Died Revives ’90s Post-Hardcore with ‘Less Life’

Died’s first-full length release pays its respects to classic post-hardcore (Boul God).

If you’re like me and want music that is combative and visceral, look no further than at ’90s post-hardcore. A genre that birthed from the desire to expand the ’80s D.C. hardcore scene to accompany more intricate arrangements. That form of post-hardcore is dead now, and emocore bands such as Pierce the Veil, Falling in Reverse, A Day to Remember, and other mediocre groups occupy the post-hardcore name.

It’s unfortunate because it would have been interesting to see how post-hardcore would hold up in today’s musical atmosphere. All I can do now is listen to old records from the glory days and only dream of what could have been. Or so I thought.

Died is a Brooklyn post-hardcore quartet that I admire as their sound and style are reminiscent of that classic post-hardcore sound that defined Slint and other similar bands from the ‘90s.

Spoken word passages, eerie, dissonant chords, aggressive vocals, and complex, tension building arrangements made up the band’s debut EP, Died.

I heard bits of Fugazi, At The Drive-In, Unwound, and of course, Slint throughout that EP. While I love all these bands, it seemed that Died was having difficulty pinning down their definitive sound. I kept them on my radar as I was excited to hear their growth with each new release, and because I was happy they were bringing back that ’90s sound.

With their first full-length project, Less Life, Died builds on the foundation they set up with their debut EP, as well as the follow-up EP, Anonymized Internal Criminals, while also showing they are more than a group that recycles the styles of their inspirations.

“Oja de Macao” is the best example of Died harnessing elements of classic post-hardcore and making it their own. This song follows a basic post-hardcore structure. It explodes with abrasive and fast guitars while keeping the aggression alive and fresh throughout its runtime. The band adds their flair as bright, power-pop chords shine through the noisy guitar melody. The track enters post-rock territory toward the end as soaring guitars take over the main melody.

While the music is sometimes cheerful and energetic, the lyrics tell a different story. Alex Geisel agonizes over a failed relationship, using cuts and blood as metaphors for the pain they caused each other.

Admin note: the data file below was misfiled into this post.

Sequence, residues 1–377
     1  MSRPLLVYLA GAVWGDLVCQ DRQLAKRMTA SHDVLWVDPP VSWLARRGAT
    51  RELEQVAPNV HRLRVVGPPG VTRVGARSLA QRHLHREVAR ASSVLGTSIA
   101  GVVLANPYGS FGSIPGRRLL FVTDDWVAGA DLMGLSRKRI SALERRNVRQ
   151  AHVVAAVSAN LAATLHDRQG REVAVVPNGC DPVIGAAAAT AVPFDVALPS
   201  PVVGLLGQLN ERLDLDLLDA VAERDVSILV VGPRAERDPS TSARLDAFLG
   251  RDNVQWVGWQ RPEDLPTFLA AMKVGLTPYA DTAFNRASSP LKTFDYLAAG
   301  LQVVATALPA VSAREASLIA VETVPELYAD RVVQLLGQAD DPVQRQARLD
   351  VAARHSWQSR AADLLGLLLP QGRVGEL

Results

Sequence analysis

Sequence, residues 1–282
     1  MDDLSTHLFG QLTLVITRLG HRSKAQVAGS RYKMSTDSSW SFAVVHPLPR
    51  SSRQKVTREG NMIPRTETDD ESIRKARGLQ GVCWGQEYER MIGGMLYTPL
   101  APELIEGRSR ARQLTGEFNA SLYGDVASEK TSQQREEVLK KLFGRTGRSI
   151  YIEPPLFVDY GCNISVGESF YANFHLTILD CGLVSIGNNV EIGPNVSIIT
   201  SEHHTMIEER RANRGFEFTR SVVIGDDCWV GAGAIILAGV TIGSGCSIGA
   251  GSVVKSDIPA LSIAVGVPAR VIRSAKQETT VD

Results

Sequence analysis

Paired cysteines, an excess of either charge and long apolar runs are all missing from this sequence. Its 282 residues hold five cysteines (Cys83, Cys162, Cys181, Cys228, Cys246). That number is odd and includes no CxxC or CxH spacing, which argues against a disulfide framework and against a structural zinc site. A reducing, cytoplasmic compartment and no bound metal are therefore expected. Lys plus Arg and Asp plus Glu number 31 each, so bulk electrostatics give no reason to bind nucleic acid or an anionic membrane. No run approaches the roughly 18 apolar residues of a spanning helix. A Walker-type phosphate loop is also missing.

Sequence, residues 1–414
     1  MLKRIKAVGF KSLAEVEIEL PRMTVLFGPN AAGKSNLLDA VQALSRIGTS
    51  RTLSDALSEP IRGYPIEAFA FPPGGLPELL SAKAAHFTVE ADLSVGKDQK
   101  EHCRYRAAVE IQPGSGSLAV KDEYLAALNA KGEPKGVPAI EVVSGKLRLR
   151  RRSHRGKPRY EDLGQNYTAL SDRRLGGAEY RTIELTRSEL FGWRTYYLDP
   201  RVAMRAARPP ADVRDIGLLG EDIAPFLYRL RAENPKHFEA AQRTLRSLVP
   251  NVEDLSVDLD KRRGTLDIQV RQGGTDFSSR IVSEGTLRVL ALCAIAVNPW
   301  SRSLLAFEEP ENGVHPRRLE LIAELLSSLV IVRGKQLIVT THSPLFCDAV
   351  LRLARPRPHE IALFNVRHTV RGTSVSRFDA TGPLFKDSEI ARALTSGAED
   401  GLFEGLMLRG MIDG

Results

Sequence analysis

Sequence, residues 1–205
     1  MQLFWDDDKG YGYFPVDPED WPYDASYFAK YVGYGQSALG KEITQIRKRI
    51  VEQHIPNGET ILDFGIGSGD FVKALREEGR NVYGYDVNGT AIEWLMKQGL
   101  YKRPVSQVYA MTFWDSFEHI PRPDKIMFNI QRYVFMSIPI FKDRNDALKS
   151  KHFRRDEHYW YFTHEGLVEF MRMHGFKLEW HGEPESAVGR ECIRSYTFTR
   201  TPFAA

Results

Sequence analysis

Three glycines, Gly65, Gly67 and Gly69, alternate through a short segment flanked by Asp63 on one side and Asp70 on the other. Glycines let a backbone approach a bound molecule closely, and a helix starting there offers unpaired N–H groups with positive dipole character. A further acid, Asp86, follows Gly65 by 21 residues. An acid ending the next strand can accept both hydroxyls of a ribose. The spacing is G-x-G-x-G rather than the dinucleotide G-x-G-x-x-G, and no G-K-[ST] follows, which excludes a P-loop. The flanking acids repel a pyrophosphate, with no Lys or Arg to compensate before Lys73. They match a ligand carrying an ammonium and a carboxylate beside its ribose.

A lot happens in this track’s four-minute timeframe, yet it never feels underdeveloped. Died is demonstrating their prowess of crafting complex yet concise arrangements.

“The Trial” is another song that feels overwhelming due to the mesmerizing, distorted vocals, entrancing drums, and guitars that play in circles. It’s a track that invites the listener to get lost in its disorienting repetitiveness.

More importantly, it’s another track that showcases the band’s strengths and distinguishes them from groups that came before them.

“Wasted” is a short track but it’s ferocious aggression and dissonance makes it a critical component to the record.

The opener “Boxwood” is another highlight as its confrontational, repetitive guitar riffs make for a memorable opener. The buildup to an intense climax where the chord progression follows a continuous rise and fall motion made for a stunning listen.

Listen to “Busy Man” by Died.

This song also exhibits the band’s preference to switch from rapid and abrasive to slow and temperate. “Busy Man” is another example of this. It shifts from the infectious and moderate bassline to the brutal onslaught of guitars, drums, and shouting on the chorus. This track is my favorite, as it is the best example of Died’s dynamic and intricate songwriting.

In contrast, “Less Is More” is the band’s songwriting at their weakest. The melodic progression stays mostly the same throughout the track, making it static and uninteresting. “DN Muzik” is similar, but it is a different kind of rock song. It uses guitars and pianos to create an ambient interlude.

A re-recording of “Died” from their self-titled EP appears as the last track. It gets compared to Slint’s “Good Morning, Captain” and not for no reason. It features a spoken word passage, tension and release, and wearied instrumentation.

“Died” is nowhere near as intense or dynamic as “Good Morning, Captain,” and comparing the two will undoubtedly make the former disappointing.

That said, “Died” does create anticipation with crescendoing guitars and drums alongside introspective lyrics on finding satisfaction in everyday life. But when allowed to release this tension and emotionally impact the listener, the band gives mixed signals as the instrumentation is bright and vivid with elated background vocals. It could be argued this represents the momentary bliss found in everyday life. But then I ask, why does this come after Geisel describes losing a family member?

On top of this, the main vocal melody during this chorus sounds off-pitch, which leaves a sour aftertaste.

However, the final moments of this track are great, as it sounds like the harmonic progression was dying to get to this point, and the maniac screams fill that emotional void the song couldn’t fulfill earlier.

I’m glad the positives outweigh the negatives as Less Life exceeded my expectations, despite some minor hiccups. This album has been on repeat since I first played it, and I cannot get enough of it.

However, I am expecting more from Died after this one. They are capable of creating dynamic post-hardcore arrangements, but how long can they keep this up before it gets stale? Will they incorporate elements of contemporary music or craft something entirely that only Died can create?

Is this the beginning of a post-hardcore revival movement? Only time will tell.

Essential Tracks: “Boxwood,” “Wasted,” “Oja de Macao,” “Busy Man,” “The Trial”


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